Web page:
10. Davidson AC, Banham S, Elliott M, et al. BTS/ICS guideline for the ventilatory management of acute hypercapnic respiratory failure in adults. Thorax. 2016;71(Suppl 2):ii1–ii35. doi:10.1136/thoraxjnl-2015-208209
11. Schmidt GA, Girard TD, Kress JP, et al. Official executive summary of an American Thoracic Society/American College of chest physicians clinical practice guideline: liberation from mechanical ventilation in critically Ill adults. Am J Respir Crit Care Med. 2017;195:115–119. doi:10.1164/rccm.201610-2076ST
12. Thille AW, Harrois A, Schortgen F, et al. Outcomes of extubation failure in medical intensive care unit patients. Crit Care Med. 2011;39:2612–2618. doi:10.1097/CCM.0b013e3182282a5a
13. Chu CC, Liu CJ, Yen SM, et al. Factors associated with re-intubation within 14 days after ventilator liberation. Respir Care. 2017;62:1557–1564. doi:10.4187/respcare.05649
14. Duan J, Han X, Huang S, et al. Noninvasive ventilation for avoidance of reintubation in patients with various cough strength. Crit Care. 2016;20:316. doi:10.1186/s13054-016-1493-0
15. Chen W, Qing-yuan Z. Guideline for mechanical ventilation in patients with acute exacerbation of chronic obstructive pulmonary disease (2007). Zhongguo Wei Zhong Bing Ji Jiu Yi Xue. 2007;19:513–518.
16. Boles JM, Bion J, Connors A, et al. Weaning from mechanical ventilation. Eur Respir J. 2007;29:1033–1056. doi:10.1183/09031936.00010206
17. Fiastro JF, Habib MP, Quan SF. Pressure support compensation for inspiratory work due to endotracheal tubes and demand continuous positive airway pressure. Chest. 1988;93:499–505. doi:10.1378/chest.93.3.499
18. Duan J, Tang X, Huang S, et al. Protocol-directed versus physician-directed weaning from noninvasive ventilation: the impact in chronic obstructive pulmonary disease patients. J Trauma Acute Care Surg. 2012;72:1271–1275. doi:10.1097/TA.0b013e318249a0d5
19. O’Donoghue FJ, Catcheside PG, Jordan AS, et al. Effect of CPAP on intrinsic PEEP, inspiratory effort, and lung volume in severe stable COPD. Thorax. 2002;57:533–539. doi:10.1136/thorax.57.6.533
20. Esteban A, Frutos-Vivar F, Muriel A, et al. Evolution of mortality over time in patients receiving mechanical ventilation. Am J Respir Crit Care Med. 2013;188:220–230. doi:10.1164/rccm.201212-2169OC
21. Bajaj A, Rathor P, Sehgal V, et al. Efficacy of noninvasive ventilation after planned extubation: a systematic review and meta-analysis of randomized controlled trials. Heart Lung. 2015;44:150–157. doi:10.1016/j.hrtlng.2014.12.002
22. Khilnani GC, Galle AD, Hadda V, et al. Non-invasive ventilation after extubation in patients with chronic obstructive airways disease: a randomised controlled trial. Anaesth Intensive Care. 2011;39:217–223. doi:10.1177/0310057X1103900210
23. Vargas F, Clavel M, Sanchez-Verlan P, et al. Intermittent noninvasive ventilation after extubation in patients with chronic respiratory disorders: a multicenter randomized controlled trial (VHYPER). Intensive Care Med. 2017;43:1626–1636. doi:10.1007/s00134-017-4785-1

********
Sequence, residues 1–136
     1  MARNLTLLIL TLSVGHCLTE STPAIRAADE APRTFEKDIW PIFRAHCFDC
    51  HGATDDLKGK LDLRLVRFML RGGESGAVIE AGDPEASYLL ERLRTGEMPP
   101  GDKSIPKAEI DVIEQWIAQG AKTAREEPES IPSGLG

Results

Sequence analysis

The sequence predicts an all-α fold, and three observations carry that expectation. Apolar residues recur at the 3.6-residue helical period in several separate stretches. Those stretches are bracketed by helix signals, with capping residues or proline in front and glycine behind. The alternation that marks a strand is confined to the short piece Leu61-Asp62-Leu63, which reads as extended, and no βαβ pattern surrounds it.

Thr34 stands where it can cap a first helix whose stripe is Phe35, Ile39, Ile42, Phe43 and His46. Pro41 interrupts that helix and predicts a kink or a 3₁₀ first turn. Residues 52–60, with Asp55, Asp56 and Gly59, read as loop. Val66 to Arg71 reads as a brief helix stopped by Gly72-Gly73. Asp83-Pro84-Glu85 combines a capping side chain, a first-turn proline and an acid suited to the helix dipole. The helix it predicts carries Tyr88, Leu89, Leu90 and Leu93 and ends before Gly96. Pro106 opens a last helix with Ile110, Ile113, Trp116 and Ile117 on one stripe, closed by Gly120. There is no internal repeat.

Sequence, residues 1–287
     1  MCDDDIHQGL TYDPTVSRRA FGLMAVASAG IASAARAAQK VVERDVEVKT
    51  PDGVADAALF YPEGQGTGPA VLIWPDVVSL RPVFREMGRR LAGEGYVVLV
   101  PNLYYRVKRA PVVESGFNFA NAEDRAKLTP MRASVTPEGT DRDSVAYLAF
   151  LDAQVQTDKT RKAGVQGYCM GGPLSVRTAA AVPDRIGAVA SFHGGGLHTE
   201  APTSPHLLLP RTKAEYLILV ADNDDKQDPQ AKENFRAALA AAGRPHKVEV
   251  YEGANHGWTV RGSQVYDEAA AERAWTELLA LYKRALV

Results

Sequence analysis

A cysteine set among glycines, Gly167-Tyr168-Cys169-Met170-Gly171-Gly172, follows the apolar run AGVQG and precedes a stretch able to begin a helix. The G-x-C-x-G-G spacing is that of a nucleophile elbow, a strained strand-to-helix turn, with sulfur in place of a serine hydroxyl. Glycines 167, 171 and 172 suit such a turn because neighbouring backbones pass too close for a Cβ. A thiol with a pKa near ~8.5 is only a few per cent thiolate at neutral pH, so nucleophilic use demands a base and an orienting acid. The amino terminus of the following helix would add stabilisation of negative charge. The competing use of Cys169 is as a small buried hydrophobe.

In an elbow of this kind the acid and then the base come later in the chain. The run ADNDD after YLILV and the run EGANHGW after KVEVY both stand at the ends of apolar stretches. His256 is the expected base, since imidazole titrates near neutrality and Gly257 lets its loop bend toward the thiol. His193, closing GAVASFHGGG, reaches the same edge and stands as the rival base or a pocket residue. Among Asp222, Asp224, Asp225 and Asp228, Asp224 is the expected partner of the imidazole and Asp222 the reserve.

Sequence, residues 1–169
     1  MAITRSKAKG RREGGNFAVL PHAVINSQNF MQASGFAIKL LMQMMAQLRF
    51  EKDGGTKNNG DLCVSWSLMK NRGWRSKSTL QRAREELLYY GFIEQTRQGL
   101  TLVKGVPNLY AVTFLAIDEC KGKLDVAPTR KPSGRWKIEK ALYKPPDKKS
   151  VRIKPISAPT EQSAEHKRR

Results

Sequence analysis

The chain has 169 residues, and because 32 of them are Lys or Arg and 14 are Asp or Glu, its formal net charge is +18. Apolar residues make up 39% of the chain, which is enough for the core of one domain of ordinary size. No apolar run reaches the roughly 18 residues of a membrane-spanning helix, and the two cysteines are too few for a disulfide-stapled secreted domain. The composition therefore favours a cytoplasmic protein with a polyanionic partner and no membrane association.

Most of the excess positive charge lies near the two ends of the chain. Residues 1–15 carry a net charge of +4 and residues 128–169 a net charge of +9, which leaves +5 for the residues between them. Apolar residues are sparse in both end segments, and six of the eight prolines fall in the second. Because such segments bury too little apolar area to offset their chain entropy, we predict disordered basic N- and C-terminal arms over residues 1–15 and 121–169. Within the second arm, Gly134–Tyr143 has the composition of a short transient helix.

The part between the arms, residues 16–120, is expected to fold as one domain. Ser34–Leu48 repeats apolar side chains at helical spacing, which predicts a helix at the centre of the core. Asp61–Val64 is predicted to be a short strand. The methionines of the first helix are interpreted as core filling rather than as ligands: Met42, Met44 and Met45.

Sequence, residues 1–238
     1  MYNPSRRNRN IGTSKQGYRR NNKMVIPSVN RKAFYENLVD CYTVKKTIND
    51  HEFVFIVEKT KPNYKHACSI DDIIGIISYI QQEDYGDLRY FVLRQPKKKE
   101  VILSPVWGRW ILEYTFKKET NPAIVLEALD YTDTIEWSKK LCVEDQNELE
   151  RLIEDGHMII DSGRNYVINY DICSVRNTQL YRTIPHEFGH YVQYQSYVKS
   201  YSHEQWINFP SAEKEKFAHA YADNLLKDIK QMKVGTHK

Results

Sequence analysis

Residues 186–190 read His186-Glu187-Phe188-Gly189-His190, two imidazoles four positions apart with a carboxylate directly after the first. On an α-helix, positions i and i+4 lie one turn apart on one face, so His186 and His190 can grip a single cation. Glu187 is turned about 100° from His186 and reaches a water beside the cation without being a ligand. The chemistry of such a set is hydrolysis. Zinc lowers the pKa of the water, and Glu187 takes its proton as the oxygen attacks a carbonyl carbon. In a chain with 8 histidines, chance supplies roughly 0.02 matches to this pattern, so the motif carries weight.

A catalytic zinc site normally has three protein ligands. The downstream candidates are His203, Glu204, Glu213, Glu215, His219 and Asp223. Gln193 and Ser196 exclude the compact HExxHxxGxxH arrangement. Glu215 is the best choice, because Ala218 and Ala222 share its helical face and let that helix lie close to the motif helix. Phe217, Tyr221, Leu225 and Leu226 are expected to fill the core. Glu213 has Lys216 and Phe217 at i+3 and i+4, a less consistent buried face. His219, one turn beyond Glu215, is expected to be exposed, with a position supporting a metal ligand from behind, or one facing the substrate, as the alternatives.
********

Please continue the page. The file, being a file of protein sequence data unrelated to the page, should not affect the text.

24. Hernandez G, Vaquero C, Gonzalez P, et al. Effect of postextubation high-flow nasal cannula vs conventional oxygen therapy on reintubation in low-risk patients: a randomized clinical trial. JAMA. 2016;315:1354–1361. doi:10.1001/jama.2016.2711
25. Thille AW, Muller G, Gacouin A, et al. Effect of postextubation high-flow nasal oxygen with noninvasive ventilation vs high-flow nasal oxygen alone on reintubation among patients at high risk of extubation failure: a randomized clinical trial. JAMA. 2019;322:1465–1475. doi:10.1001/jama.2019.14901
26. Jaber S, Quintard H, Cinotti R, et al. Risk factors and outcomes for airway failure versus non-airway failure in the intensive care unit: a multicenter observational study of 1514 extubation procedures. Crit Care. 2018;22:236. doi:10.1186/s13054-018-2150-6
27. Gorini M, Misuri G, Corrado A, et al. Breathing pattern and carbon dioxide retention in severe chronic obstructive pulmonary disease. Thorax. 1996;51:677–683. doi:10.1136/thx.51.7.677
28. Appendini L, Patessio A, Zanaboni S, et al. Physiologic effects of positive end-expiratory pressure and mask pressure support during exacerbations of chronic obstructive pulmonary disease. Am J Respir Crit Care Med. 1994;149:1069–1076. doi:10.1164/ajrccm.149.5.8173743
This work is published and licensed by Dove Medical Press Limited. The full terms of this license are available at https://www.dovepress.com/terms.php and incorporate the Creative Commons Attribution - Non Commercial (unported, v3.0) License. By accessing the work you hereby accept the Terms. Non-commercial uses of the work are permitted without any further permission from Dove Medical Press Limited, provided the work is properly attributed. For permission for commercial use of this work, please see paragraphs 4.2 and 5 of our Terms.Download Article [PDF]